Prior to the arrival of COVID-19 in the United States and New Hampshire, Courtney Tanner JD’14, MSW’15 spent significant time in the halls of the NH State House and the Legislative Office Building in Concord. In the most recent legislative session, she was advocating for bills that support an expansion of telehealth services in the state. As it turns out, the timing was perfect.
Tanner works in the Government Relations Office at Dartmouth-Hitchcock, a healthcare system comprised of an academic medical center in Lebanon and community group practices in the southern part of New Hampshire. Since the COVID-19 crisis began, the three-member Government Relations team has spent much of its time monitoring federal and state waivers and guidance to allow for flexibility in healthcare delivery, including telehealth services. Her team also has been working closely with the NH Office of Professional Licensure and the NH Department of Health and Human Services to relax some of the statues and administrative rules governing the healthcare profession. For example, Tanner has worked on requests for rule waivers to minimize the number of providers needed in a room during a patient visit.
“These waiver requests,” she says, “whether statutory or through administrative rules, help ensure healthcare personnel have limited risk of transmission, help to conserve the limited personal protective equipment, and assist in preparing the healthcare system for a surge of COVID patients.”
In the months leading up to the pandemic, Tanner was supporting a bill that would allow telehealth for Medication-Assisted Treatment (MAT), meaning patients suffering from substance use disorders could request prescriptions from providers even if their relationship with those providers had not yet included a face-to-face visit. The impetus behind the bill was to allow hospitals to provide MAT for patients who present at the emergency room without a prior connection to a care team doctor who has authorization to prescribe without a waiver.
“The bill we were working on was very narrow, only for MAT for substance use disorders,” Tanner explains. “Since COVID, it has been interesting to see how to ensure we can provide care during the crisis. Much of our work has been making sure the federal agencies are either waiving or issuing guidance that parallels state waivers and guidance.”
The recent change in professional pace and focus came overnight, says Tanner, who has been working from her home in Bedford for the last several weeks while caring for her infant daughter, Joanna. On March 13, she was meeting with stakeholders about a bill. By the following Monday, March 16, the state legislature had suspended its session indefinitely. She describes the change in her job functions as “more immediate.”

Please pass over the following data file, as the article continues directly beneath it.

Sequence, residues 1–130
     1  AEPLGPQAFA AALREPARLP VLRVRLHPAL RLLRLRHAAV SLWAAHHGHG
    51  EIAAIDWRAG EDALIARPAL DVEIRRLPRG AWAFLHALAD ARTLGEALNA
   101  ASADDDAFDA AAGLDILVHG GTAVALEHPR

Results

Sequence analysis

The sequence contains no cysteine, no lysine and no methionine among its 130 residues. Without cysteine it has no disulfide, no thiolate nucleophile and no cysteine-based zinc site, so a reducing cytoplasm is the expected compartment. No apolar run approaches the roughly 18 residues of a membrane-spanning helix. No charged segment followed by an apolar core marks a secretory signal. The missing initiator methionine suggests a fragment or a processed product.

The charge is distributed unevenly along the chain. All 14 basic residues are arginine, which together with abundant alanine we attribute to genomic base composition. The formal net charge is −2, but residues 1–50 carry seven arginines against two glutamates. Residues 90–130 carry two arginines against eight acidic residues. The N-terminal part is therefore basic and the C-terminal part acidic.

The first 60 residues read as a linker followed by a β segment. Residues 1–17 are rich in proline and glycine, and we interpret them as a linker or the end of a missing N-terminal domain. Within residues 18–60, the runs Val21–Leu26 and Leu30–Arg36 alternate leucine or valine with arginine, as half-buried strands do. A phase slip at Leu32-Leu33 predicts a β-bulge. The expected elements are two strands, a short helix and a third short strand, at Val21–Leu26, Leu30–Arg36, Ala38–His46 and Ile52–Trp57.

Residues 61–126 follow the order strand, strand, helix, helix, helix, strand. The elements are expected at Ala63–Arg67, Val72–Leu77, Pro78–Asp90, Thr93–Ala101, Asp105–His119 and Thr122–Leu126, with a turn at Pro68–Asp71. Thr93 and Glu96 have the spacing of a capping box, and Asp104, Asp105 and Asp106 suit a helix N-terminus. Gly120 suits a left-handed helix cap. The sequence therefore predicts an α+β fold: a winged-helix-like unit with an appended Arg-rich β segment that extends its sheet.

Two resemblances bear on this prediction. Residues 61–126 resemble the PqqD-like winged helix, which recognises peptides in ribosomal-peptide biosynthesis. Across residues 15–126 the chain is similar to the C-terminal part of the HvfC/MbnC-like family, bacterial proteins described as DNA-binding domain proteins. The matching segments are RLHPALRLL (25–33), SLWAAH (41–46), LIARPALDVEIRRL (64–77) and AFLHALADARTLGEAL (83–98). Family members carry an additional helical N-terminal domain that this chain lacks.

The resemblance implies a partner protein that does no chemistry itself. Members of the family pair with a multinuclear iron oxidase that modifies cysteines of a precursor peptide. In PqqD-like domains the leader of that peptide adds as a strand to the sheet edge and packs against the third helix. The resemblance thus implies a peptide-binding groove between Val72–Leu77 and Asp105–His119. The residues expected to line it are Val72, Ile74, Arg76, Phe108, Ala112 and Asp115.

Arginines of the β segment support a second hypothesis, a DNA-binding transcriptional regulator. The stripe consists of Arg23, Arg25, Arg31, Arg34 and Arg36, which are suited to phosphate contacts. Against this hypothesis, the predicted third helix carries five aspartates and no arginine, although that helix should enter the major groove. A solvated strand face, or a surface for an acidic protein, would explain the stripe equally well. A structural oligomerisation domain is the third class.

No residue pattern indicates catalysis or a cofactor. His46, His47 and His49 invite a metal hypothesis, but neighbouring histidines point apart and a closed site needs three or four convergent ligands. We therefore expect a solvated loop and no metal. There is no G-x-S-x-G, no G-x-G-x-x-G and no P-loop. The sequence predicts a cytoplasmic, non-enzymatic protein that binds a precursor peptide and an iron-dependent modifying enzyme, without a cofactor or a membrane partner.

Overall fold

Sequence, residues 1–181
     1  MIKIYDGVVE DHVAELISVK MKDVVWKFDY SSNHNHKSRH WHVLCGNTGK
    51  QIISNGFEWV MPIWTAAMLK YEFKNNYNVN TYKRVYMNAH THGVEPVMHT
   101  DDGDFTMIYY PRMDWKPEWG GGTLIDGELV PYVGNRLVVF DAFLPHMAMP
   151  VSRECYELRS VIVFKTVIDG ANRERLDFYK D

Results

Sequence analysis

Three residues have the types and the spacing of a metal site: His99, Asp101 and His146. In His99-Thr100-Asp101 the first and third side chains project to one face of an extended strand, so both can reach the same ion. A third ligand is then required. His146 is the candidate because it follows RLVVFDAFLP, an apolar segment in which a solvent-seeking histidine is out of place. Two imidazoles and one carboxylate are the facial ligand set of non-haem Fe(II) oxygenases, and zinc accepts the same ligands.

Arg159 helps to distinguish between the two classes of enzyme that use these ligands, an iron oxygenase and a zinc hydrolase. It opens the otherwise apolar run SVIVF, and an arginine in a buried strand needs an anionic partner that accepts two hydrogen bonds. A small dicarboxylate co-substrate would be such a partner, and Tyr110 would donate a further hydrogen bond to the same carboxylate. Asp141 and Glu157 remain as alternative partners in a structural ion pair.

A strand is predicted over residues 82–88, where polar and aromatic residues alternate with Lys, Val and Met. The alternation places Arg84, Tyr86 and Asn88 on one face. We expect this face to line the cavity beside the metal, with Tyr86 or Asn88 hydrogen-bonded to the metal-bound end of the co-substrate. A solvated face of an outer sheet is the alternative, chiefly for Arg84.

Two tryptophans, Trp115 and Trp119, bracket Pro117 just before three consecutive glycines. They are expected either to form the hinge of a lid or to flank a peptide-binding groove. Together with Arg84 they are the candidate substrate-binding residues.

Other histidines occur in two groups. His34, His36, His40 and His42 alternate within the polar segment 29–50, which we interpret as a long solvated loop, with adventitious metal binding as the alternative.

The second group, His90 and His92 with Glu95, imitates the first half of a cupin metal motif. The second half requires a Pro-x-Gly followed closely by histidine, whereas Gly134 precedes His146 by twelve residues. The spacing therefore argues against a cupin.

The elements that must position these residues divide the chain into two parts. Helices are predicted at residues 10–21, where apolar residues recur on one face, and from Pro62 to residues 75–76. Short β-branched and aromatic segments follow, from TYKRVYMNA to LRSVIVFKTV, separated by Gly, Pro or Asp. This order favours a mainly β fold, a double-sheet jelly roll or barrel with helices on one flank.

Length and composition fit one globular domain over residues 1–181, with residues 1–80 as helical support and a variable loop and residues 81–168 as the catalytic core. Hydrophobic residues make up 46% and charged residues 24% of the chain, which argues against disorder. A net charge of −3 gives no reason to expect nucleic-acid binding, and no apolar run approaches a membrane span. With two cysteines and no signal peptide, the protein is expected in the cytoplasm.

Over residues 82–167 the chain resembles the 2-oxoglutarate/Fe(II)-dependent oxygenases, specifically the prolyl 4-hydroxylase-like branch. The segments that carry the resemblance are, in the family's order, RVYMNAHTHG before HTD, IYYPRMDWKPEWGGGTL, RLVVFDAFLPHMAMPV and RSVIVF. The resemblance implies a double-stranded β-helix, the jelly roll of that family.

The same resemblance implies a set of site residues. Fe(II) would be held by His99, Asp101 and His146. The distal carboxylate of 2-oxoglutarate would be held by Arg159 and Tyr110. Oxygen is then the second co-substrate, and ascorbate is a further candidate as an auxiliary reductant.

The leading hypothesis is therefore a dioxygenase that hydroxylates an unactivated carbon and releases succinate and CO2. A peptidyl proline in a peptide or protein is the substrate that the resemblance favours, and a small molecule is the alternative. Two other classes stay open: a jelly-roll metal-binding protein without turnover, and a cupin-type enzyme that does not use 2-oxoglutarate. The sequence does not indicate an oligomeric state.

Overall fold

“It’s now all COVID, all the time, and we don’t know exactly what will happen with the legislature,” she says, noting that the telehealth focus has shifted from delivering services not just for special populations in the state but for everyone requiring care. “On a human level, COVID-19 has brought everybody to the table. You can hear kids and dogs on calls; we are bringing our entire selves with us to work. It has been nice to be authentic – everyone is rolling up their sleeves to make sure we take care of New Hampshire.”
A Granite State transplant, Tanner grew up in Kennebunk, Maine, and graduated from Saint Anselm College in 2011. As an undergraduate, she completed an internship through the NH Bar Association with the Dove Project, a program that helps pair volunteer attorneys with low-income women in abusive relationships. Tanner grew to appreciate the small legal community in the state and decided to remain in New Hampshire for law school. At UNH, she enrolled in a dual program that allowed her to earn both her JD and her MSW. Her plan at the time was to use her degrees to represent women who were victims of domestic violence or help children in difficult situations.
“While I was in school for social work, I discovered I liked public policy,” she says. “You have to follow your heart. Some people find happiness in the courtroom, others at the State House.”
Prior to joining the Government Relations Office at Dartmouth-Hitchcock in late 2018, Tanner ran Hope on Haven Hill, a residential facility that treats pregnant and parenting women for substance abuse disorders, providing direct service versus systemic policy work. She gained previous experience as executive director of the NH Providers Association, an organization dedicated to substance use prevention, treatment, and recovery through public policy.
“Pursuing a JD/MSW at UNH gave me a foundation in both the clinical and policy spheres,” Tanner says. “Working in the Office of Government Relations at Dartmouth-Hitchcock, I carry the foundation of both spheres to advocate for our patients, providers, and the health system.”
While it has proven challenging at times to connect via teleconference and phone calls with colleagues with whom she typically interacts in person, Tanner sees a positive angle to the current situation. Until recently, legislative work for telehealth services was ancillary, but Tanner believes that will no longer be the case once the pandemic subsides.
“This will show us we can do [telehealth] and do it well,” Tanner says. “The crisis is also exposing some vulnerable populations that don’t have access to technology, bringing to light those who are marginalized and how we support them going forward. I hope this crisis sparks more conversations about telehealth and innovative delivery of healthcare for the future.”